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I have some files that contain logs of objects. Each file can store objects of a different type, but a single file is homogeneous -- it only stores objects of a single type.

I would like to write a method that returns an array of these objects, and have the array be of a specified type (the type of objects in a file is known and can be passed as a parameter).

Roughly, what I want is something like the following:

public static <T> T[] parseLog(File log, Class<T> cls) throws Exception {
    ArrayList<T> objList = new ArrayList<T>();
    FileInputStream fis = new FileInputStream(log);
    ObjectInputStream in = new ObjectInputStream(fis);
    try {
        Object obj;
        while (!((obj = in.readObject()) instanceof EOFObject)) {
            T tobj = (T) obj;
            objList.add(tobj);
        }
    } finally {
        in.close();
    }
    return objList.toArray(new T[0]);
}

The above code doesn't compile (there's an error on the return statement, and a warning on the cast), but it should give you the idea of what I'm trying to do. Any suggestions for the best way to do this?

share|improve this question
    
I dont think that it is possible to change the return type programatically but couldn't you make the appropriate cast in the methods that are calling this method? – RoflcoptrException Mar 12 '11 at 0:07
up vote 4 down vote accepted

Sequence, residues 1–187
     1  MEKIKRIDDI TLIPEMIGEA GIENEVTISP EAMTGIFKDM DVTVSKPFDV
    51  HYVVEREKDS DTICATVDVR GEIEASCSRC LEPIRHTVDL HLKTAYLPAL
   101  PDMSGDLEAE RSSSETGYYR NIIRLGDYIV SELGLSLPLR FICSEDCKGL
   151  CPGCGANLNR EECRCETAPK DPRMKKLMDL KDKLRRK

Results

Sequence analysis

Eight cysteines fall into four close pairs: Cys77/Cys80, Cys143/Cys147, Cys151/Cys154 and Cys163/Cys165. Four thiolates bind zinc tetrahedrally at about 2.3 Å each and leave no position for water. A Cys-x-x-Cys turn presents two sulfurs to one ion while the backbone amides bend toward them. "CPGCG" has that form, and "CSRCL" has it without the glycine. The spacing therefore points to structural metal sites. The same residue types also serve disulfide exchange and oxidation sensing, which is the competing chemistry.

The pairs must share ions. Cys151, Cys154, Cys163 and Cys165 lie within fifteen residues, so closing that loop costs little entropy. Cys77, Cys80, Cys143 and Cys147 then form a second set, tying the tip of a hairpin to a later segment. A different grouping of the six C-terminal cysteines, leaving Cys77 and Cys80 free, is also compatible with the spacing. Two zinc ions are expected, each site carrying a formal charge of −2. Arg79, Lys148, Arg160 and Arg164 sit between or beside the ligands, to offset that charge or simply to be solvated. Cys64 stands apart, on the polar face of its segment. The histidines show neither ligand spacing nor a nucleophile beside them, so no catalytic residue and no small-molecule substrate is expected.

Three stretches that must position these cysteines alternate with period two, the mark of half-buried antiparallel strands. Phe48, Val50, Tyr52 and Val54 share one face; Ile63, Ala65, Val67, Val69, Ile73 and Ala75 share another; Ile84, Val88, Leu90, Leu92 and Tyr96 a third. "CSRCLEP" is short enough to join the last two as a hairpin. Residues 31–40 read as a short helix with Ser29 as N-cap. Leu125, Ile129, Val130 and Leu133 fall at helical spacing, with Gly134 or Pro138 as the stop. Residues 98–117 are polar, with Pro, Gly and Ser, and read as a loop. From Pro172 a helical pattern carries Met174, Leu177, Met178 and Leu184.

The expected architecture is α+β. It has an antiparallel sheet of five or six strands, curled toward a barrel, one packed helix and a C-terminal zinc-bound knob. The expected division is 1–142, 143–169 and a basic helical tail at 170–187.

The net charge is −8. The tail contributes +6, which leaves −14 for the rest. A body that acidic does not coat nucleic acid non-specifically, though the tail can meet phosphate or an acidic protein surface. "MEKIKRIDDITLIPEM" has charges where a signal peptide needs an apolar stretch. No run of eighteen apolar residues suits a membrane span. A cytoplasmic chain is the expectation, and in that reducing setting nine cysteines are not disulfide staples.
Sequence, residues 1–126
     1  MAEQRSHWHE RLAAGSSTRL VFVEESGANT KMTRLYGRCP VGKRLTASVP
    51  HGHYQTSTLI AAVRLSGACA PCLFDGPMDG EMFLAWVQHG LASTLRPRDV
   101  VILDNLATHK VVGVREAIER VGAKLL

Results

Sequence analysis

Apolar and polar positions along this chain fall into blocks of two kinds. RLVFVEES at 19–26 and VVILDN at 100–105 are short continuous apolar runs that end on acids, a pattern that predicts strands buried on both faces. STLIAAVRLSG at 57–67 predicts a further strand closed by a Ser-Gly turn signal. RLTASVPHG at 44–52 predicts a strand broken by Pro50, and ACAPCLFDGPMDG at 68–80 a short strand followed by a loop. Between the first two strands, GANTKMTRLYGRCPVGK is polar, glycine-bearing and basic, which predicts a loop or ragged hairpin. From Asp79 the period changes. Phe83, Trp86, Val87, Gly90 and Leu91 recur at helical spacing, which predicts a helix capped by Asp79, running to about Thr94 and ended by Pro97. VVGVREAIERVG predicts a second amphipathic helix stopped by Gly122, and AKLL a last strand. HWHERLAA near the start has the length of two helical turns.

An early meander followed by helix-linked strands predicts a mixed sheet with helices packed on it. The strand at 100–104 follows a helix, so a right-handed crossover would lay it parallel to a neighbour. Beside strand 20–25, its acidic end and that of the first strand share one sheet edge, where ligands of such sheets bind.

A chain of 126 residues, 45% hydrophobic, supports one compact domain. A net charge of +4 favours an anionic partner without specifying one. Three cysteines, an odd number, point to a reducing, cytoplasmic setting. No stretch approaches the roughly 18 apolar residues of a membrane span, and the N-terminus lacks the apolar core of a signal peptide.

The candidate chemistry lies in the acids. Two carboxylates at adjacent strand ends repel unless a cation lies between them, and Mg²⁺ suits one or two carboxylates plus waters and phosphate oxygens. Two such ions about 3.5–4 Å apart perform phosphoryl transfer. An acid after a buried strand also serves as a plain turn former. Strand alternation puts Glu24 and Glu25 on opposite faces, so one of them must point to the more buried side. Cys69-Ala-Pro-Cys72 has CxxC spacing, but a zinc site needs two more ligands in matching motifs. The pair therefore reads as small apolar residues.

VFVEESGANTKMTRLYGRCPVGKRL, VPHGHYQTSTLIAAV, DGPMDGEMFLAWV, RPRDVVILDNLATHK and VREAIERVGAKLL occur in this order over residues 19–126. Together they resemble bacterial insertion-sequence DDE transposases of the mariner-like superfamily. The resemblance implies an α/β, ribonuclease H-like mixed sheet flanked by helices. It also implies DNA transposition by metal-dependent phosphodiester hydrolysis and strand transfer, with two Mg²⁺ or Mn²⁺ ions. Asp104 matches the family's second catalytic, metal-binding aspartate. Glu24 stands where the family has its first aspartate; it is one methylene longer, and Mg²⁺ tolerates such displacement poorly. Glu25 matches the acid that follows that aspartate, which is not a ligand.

You can't have generic arrays, so just return the ArrayList from your method:

    public static <T> ArrayList<T> parseLog(File log, Class<T> cls) throws Exception {
        ArrayList<T> objList = new ArrayList<T>();
        FileInputStream fis = new FileInputStream(log);
        ObjectInputStream in = new ObjectInputStream(fis);
        try {
            Object obj;
            while (!((obj = in.readObject()) instanceof EOFObject)) {
                T tobj = (T) obj;
                objList.add(tobj);
            }
        } finally {
            in.close();
        }
        return objList;
    }

Then, when you know the actual type, do the cast then. So assuming you know that T is actually an Integer at some point, do this:

Integer[] array = ((ArrayList<Integer>) myList).toArray(new Integer[myList.size()]);
share|improve this answer
    
I did something like this. It seems you need to replace (T) obj with cls.cast(obj) because of type erasure. – jonderry Mar 12 '11 at 1:49
    
You'll get a warning if you do the cast, but it's still valid. – Neil Mar 12 '11 at 13:46

I can't see how this would be a good programming practice. Essentially you're trying to say "I want to arbitrarily determine the return type without sacrificing type-safety." which is a bit awkward.

I would say your 'best' option would be to just return ArrayList<T> instead of going for an array.

share|improve this answer
    
Why isn't this good programming practice? What's a better way to do it? Why is using a list better than an array (the callers are older code that uses arrays)? – jonderry Mar 12 '11 at 0:10
    
Something just seems wrong about arbitrary return types. I would pass in the ArrayList<T> and add to it, myself. – corsiKa Mar 12 '11 at 0:16
    
list > array because arrays cannot be generic in Java. – corsiKa Mar 12 '11 at 0:17
    
Apparently, I can't do the cast anyway because of type erasure, so the ArrayList solution doesn't seem like it will work. – jonderry Mar 12 '11 at 0:47

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